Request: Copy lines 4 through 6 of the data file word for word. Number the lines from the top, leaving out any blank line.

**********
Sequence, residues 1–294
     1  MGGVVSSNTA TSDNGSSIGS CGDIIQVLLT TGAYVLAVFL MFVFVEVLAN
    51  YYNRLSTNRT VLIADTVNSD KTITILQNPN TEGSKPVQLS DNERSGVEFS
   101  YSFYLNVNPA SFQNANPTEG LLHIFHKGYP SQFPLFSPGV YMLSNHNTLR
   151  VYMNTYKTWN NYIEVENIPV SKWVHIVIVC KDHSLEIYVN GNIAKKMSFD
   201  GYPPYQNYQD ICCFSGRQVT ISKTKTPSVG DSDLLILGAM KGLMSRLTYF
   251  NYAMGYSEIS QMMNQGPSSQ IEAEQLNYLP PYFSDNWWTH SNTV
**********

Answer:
   101  YSFYLNVNPA SFQNANPTEG LLHIFHKGYP SQFPLFSPGV YMLSNHNTLR
   151  VYMNTYKTWN NYIEVENIPV SKWVHIVIVC KDHSLEIYVN GNIAKKMSFD
   201  GYPPYQNYQD ICCFSGRQVT ISKTKTPSVG DSDLLILGAM KGLMSRLTYF